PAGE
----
Fifth Decade Roundup!

Here we are at the end of the fifth set of books I’ve read for this project.

This was an interesting group. I had several really long books, so it took me a lot longer to get through this set than others.

It wasn’t a great decade for my mental wellbeing. There were a lot of books that made me feel pretty nervous: a creepy stalker novel that made me never want to look a stranger in the eye again, an excellent nonfiction account of a cold-blooded killing. and a sci-fi book that made me feel like I was going insane. And then, of course, there was the confusing, intriguing, and wonderful book about a hermaphrodite, which completely rocked my world.

With The Pilgrim’s Progress and The Enormous Room were very philosophical and religion-based. They were good for making me think about the world in a pretty cool spiritual way. Virgin Soil also painted a frighteningly prophetic picture of pre-revolution Russia and the revolution to come.

Then, of course, there were the behemoths: Parade’s End, the monster four-books-in-one tome about the social upheaval caused by World War I and the death of the Victorian Age; and Les Miserables, Victor Hugo’s monster of a book. Of course, neither of them were actually tomes because I read them on my Kindle. I’m a little disappointed that I didn’t get to physically see the progress I made with these 800-and-900-page monsters.

Howards End also dealt wonderfully with social changes in turn-of-the-century England, though pre-war, if I recall correctly.

This was, to say the least, a great set of books. There were very few that I didn’t totally enjoy. In fact, I absolutely loved most of them. It’s going to be very hard to pick a favorite (though I think I have).

The biggest surprise was Howards End. I’m not usually a fan of novels like this, but I really liked it. The quotes and the reflections were good and, against all odds, I found myself caring about the two main characters and actually being interested in their lives. For some reason, when the main characters are Victorian-ish women, I just never care that much about them. Usually they bore me. But not so with Howards End.

The book I liked the least was The Pilgrim’s Progress. I was excited to read it because of its religious importance over the years, but it really didn’t do much for me. I think the “metaphors” were just way too strong and I didn’t get the joy of drawing the parallels and conclusions myself. I need that in a book.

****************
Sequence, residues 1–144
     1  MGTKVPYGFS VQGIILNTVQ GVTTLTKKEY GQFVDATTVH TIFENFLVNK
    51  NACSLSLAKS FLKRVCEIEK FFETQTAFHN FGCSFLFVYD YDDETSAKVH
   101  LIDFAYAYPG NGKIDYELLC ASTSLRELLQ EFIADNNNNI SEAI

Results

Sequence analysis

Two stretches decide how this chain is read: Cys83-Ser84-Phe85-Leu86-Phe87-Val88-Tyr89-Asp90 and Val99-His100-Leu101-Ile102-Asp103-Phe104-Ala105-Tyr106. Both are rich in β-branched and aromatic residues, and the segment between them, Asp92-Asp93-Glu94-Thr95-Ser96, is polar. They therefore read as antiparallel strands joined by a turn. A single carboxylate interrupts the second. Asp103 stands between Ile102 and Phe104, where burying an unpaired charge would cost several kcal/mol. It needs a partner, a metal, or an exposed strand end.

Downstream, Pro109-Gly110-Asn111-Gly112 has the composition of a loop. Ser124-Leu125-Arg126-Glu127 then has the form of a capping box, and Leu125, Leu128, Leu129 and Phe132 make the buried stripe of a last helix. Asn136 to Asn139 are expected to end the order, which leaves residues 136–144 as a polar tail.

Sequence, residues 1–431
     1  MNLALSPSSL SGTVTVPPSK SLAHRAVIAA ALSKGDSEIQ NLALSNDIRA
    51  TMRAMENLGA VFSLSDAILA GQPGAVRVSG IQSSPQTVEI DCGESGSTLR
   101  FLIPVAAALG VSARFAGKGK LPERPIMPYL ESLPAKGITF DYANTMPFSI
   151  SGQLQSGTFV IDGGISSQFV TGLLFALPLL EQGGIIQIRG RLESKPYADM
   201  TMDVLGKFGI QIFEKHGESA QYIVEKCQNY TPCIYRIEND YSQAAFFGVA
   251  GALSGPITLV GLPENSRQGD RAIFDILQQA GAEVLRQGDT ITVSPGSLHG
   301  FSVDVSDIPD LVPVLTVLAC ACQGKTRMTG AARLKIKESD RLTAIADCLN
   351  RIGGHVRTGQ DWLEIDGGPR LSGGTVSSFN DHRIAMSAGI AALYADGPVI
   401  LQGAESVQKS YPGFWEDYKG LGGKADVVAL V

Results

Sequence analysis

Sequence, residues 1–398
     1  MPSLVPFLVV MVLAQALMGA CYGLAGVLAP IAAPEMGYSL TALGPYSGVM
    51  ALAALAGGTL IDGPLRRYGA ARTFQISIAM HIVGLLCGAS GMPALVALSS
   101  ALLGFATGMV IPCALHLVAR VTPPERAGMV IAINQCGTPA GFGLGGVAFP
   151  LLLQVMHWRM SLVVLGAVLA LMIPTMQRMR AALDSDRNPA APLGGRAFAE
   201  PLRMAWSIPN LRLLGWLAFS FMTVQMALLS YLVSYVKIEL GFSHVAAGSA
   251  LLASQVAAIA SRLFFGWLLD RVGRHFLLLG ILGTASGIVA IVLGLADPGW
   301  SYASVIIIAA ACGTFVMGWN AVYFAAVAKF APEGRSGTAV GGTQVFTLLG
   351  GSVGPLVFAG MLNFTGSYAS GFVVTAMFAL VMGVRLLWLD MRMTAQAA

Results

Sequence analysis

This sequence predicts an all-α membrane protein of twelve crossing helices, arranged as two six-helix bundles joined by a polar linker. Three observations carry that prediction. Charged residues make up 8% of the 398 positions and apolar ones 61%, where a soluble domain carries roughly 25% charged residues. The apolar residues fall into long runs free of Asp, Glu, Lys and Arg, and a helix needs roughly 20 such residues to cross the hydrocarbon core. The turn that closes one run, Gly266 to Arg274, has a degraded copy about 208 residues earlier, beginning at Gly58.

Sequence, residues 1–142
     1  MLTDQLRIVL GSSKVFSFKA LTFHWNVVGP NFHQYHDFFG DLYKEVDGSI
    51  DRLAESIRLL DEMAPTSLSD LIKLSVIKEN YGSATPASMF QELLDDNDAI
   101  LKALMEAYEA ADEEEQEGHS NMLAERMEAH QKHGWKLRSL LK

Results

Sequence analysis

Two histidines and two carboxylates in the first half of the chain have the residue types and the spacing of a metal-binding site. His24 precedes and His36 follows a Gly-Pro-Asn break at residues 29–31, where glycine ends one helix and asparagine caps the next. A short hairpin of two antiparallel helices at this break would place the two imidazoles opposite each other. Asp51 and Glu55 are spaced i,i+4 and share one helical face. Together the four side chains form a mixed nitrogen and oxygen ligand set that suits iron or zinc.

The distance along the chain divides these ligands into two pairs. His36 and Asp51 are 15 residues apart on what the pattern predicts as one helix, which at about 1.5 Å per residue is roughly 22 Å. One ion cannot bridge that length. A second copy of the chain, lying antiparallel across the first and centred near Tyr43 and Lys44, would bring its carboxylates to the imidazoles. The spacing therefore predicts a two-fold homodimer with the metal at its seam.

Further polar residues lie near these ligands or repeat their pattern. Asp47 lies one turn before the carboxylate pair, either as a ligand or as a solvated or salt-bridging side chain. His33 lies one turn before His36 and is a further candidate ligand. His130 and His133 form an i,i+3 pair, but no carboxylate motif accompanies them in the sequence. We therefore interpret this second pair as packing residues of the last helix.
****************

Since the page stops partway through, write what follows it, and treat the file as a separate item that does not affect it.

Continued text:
I’m adding a category this time, in honor of Les Miserables. This book has the honor of being voted least likely to be turned into a musical.

The book that, I think, I would most enjoy seeing in musical form was Do Androids Dream of Electric Sheep? It could, of course, turn very silly, but I think that with the right songs and the right writer, it could be interesting to see on stage. Can someone get on this, please?

And now, I suppose, I have to choose a favorite. It really was quite close. It hasn’t been this close since I couldn’t choose between A Home at the End of the World and The Shining (which, by the way, after like six months I finally settled on The Shining). This decision was even harder. I love, love, loved In Cold Blood. It was fantastic. But I also really liked MiddlesexSo I’m going back and forth between these two.

But I think I’ve decided on MiddlesexEugenides is a great writer and the story was so unique. Not only was the subject interesting and the narrator totally different than anything I’ve read before, but the way Eugenides told the story was also different and unique. It was a new, exciting read and I enjoyed it very much. You all need to go read it. Right now. Please.


One response to this post.

  1. Musical adaptation of Do Androids Dream? Coming. Right. Up. Me and Soap have got this.


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